Intestinal-Type Endocervical Adenocarcinoma In Situ (iAIS): An Immunophenotypically Distinct Subset of AIS Affecting Older Women.
Brooke E Lane, Kathriel Brister, Mary Lu, Janina Longtine, Jonathan L Hecht, Marisa R Nucci. Brigham and Women's Hospital, Boston, MA; Beth Israel Deaconess Medical Center, Boston, MA
Background: Conventional endocervical adenocarcinoma in situ (cAIS) is typically strongly and diffusely positive for p16 and has a high Ki67 index in keeping with its frequent association with high risk HPV infection. The intestinal variant of AIS (iAIS) is less common, and its relationship to HPV infection and biomarker expression has not been thoroughly studied. The purpose of this study was to evaluate the frequency and pattern of p16 and Ki67 expression and the HPV status in iAIS in comparison to cAIS.
Design: Fifty-four cases of AIS (14 iAIS, 40 cAIS) were retrieved from our archives. The age of the patient at diagnosis as well as coexisting squamous lesions were recorded. HPV DNA analysis and immunohistochemistry for p16 and Ki67 were performed on cases with available tissue.
Results: The average age at diagnosis was significantly older in iAIS (age 45) versus cAIS (age 34) (p-value = 0.005). In contrast, coexisting squamous intraepithelial lesions were more common in the cAIS than the iAIS (35%, 14/40 versus 23%, 3/13). 15/19 (79%) cAIS showed strong and diffuse staining for p16. Conversely, only 5/12 (42%) iAIS had diffuse strong positivity. 10/10 (100%) cAIS showed >75% nuclei staining for Ki67. In contrast, this degree of staining was only present in 4/11 (36%) cases of iAIS. HPV DNA analysis revealed that 6/7 (86%) of iAIS cases were positive for HPV; five were type 18 and 1 was type 33.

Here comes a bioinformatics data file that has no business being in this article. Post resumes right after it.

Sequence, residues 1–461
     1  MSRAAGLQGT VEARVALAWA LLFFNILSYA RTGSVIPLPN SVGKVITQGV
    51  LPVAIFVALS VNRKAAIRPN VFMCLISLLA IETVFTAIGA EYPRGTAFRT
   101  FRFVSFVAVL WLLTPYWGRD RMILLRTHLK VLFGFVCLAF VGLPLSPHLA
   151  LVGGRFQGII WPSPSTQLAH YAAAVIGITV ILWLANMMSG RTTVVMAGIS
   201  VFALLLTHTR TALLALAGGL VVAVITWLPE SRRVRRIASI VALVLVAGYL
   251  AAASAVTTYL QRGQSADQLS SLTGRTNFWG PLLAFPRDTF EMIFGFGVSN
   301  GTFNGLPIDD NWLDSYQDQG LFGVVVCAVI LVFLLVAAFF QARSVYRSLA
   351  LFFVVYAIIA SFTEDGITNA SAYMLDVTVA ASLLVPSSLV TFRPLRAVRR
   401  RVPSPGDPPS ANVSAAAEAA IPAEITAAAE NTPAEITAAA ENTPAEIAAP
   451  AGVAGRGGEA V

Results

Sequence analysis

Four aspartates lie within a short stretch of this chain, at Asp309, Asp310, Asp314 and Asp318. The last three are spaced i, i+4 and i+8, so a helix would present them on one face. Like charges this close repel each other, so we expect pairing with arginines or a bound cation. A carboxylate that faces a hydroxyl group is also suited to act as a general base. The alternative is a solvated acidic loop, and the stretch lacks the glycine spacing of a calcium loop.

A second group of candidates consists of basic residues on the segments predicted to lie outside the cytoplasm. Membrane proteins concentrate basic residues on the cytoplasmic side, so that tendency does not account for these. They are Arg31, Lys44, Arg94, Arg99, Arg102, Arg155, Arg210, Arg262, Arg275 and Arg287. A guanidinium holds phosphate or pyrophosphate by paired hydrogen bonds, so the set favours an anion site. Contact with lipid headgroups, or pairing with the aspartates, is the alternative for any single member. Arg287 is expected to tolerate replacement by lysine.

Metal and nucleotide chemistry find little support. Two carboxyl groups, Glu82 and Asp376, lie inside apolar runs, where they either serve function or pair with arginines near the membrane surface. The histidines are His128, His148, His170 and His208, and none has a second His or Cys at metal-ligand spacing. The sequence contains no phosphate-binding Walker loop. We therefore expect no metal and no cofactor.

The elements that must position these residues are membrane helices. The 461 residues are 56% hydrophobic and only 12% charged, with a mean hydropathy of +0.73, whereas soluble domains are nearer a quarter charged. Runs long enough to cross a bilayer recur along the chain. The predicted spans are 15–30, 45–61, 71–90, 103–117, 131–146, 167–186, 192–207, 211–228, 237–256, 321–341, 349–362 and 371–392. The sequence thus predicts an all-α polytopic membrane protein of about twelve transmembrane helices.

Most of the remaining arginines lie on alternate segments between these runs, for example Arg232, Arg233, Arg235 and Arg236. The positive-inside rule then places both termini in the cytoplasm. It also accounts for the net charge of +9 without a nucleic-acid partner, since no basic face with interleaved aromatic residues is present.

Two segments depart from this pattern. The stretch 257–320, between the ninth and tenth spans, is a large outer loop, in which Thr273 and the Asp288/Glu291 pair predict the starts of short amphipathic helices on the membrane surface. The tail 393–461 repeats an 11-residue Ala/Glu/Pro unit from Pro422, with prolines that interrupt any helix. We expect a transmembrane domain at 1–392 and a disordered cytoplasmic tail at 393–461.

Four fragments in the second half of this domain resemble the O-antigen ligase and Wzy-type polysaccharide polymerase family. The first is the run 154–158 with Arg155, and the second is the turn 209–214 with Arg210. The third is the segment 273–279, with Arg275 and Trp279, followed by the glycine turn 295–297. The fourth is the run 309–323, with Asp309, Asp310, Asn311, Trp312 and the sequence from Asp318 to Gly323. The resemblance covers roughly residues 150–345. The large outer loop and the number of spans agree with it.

Conclusions: iAIS is strongly associated with HPV infection, sharing a similar pathogenesis with cAIS. However, the distinctly older age is unique, suggesting that age-related factors might influence cell differentiation in these lesions. The less intense staining for p16 and Ki-67 distinguish this variant from cAIS, and this must be taken into account when using these biomarkers to resolve problematic endocervical lesions with intestinal differentiation.
Category: Gynecologic & Obstetrics
Tuesday, March 1, 2011 9:30 AM
Poster Session III # 214, Tuesday Morning